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Issue #1551      13 June 2012

Don’t cut workers’ comp!

Thousands of workers are expected to rally outside NSW state Parliament on Wednesday June 13 against cuts to workers’ compensation. The protest action, organised by Unions NSW, is being held the day after the state budget is handed down. Judging by the information revealed prior to budget day, it looks set to be a horror for workers. The NSW premier Barry O’Farrell looks set to outdo his Liberal Party peers in other states with a massive attack on workers’ compensation, as well as jobs, wages and public services.


(Photo: Anna Pha)

Workers’ compensation is top of the list. The planned changes include:

  • Slashing of payments – the current amount is 100 percent of ordinary pay for the first 26 weeks, then the statutory rate of $432 a week. Under the changes, the most a worker could receive is 90 percent for 13 weeks before being reduced to the statutory rate ($432 is approximately 70 percent of minimum wage)
  • Cutting off all weekly income and treatment expenses after 2½ years (or 130 weeks) for those considered to be “partially injured”.
  • Removal of cover during travel to and from work.
  • No entitlements after nine years except for people who are ”totally incapacitated”.
  • Abolition of lump-sum payments for injured workers with ”less than 10 percent whole-body impairment” (and therefore excluding payment for injuries such as a fused ankle or back and neck injuries not requiring surgery).
  • Raising injury thresholds to a very high, difficult to meet 30 percent whole person impairment for work injury damages claims.

Barrister Bruce McManamey, a spokesman for the Australian Lawyers Alliance, said, “It’s the kind of stuff that will result in injured workers losing their homes.”

The majority of lump-sum payments are between $6,000 and $13,000. ”If they abolish lump sums for injuries less than 10 percent, I think it falls into the category of mean and petty,” McManamey said.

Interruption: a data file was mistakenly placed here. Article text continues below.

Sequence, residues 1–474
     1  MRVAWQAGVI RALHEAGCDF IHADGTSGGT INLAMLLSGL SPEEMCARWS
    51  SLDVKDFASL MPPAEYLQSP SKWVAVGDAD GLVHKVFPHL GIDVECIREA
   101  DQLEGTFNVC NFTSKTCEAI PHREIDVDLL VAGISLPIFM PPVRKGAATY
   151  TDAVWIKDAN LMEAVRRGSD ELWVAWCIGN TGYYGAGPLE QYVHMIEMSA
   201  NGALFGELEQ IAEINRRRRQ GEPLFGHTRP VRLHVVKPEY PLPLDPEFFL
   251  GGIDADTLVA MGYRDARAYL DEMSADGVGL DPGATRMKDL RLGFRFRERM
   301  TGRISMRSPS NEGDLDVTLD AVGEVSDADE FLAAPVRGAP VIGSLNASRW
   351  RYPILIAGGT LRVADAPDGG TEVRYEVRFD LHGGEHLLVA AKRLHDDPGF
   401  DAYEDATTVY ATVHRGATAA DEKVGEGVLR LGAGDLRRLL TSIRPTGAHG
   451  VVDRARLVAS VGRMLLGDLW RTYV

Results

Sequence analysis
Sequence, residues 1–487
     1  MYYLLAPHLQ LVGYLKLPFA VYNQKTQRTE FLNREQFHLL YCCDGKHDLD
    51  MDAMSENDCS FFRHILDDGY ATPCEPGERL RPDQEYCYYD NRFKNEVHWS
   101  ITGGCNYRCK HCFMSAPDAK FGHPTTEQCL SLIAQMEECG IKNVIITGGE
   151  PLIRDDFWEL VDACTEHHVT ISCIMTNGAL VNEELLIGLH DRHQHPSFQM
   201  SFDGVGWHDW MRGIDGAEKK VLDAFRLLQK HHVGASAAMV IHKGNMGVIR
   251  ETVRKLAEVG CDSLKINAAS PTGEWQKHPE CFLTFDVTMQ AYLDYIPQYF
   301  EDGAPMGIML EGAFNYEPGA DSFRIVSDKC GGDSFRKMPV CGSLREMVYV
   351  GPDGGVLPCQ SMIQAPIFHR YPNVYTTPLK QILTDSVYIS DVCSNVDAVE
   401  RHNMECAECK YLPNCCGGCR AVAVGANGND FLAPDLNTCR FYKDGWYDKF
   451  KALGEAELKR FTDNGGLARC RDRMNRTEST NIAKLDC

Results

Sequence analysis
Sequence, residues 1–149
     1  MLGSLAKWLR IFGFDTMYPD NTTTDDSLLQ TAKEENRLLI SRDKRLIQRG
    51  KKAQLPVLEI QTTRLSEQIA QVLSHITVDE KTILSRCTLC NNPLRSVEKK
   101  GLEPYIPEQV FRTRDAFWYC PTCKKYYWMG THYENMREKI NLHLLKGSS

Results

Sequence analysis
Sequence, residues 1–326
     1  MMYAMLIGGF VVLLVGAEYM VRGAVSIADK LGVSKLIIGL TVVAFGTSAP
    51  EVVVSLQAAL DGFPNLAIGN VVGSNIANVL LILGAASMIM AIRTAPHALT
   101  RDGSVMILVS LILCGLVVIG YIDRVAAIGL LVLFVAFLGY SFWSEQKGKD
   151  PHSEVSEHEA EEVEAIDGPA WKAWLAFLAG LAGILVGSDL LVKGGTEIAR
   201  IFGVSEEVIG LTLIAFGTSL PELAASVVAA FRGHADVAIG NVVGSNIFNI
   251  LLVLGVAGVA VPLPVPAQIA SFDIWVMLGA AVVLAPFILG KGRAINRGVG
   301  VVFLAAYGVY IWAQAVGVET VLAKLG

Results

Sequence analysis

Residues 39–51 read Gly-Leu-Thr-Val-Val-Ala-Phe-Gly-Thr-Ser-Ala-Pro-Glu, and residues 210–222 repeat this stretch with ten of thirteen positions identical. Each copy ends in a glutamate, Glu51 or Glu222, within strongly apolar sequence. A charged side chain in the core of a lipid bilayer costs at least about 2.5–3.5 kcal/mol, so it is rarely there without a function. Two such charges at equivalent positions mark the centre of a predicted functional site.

NSW Greens MP and industrial relations spokesperson, David Shoebridge, described the cuts as “the harshest cuts ever proposed to workers’ compensation benefits in NSW”. If they became law, they would “force many injured employees straight into poverty”, Shoebridge said.

Some lawyers estimate that half of the 28,000 workers who currently receive benefits and medical expenses will no longer receive a cent under the Liberal’s cuts.

The Australian Lawyers Alliance is concerned about mismanagement of WorkCover. NSW Director, Andrew Stone, said, “Payments made to scheme agents and insurers to manage claims has increased every year since 2001, despite the number of major injuries (those claims which require management) reducing by almost half over that same period!

“The cost of managing the scheme appears to be completely disproportionate to the benefits provided for injured workers,” Stone said. This is one possible area of reform that would not hurt injured workers and reduce costs of the scheme.

However, the most humane and at the same time cost-effective approach is through prevention – reducing the number of injuries.

Employers want it both ways: low insurance premiums and no responsibility for sickness and injury (including deaths) caused by their negligence.

Employers have lobbied hard to reduce the rights of trade unions to take action in relation to occupational health and safety in the workplace. Unions and their members face heavy penalties for industrial action that protects the health and safety of members. At the same time government authorities do little to enforce the limited occupational health and safety (OH&S) regulations that do exist.

Trade unions should have their full rights restored so that they can halt work or take other industrial action to ensure the workplace is safe. They should have their own OH&S officers trained on company time and with the power to shut work down when deemed necessary. They should not face the threat of fines of hundreds of thousands of dollars and damages action of millions of dollars for protecting lives.

Workplaces should be regularly inspected and jail penalties applied for company directors and management responsible for the injury and deaths of workers or for breaching OH&S regulations. Fines are peanuts to the big transnational corporations compared with the huge savings (profits) made by risking the health and safety of workers.

Injured and sick workers should not be driven into poverty as a result of the boss’s negligence. Benefits need to be improved and employers foot the bill.

Prevention means fewer injuries and deaths, as well as lower premiums in the long run. The only losers are the parasitic third party insurance companies whose profits might be hit.

As the Transport Workers’ Union says: “Prevention, not reduction in compensation, is the best way to reduce injuries.”  

Next article – Editorial – A crisis of overproduction

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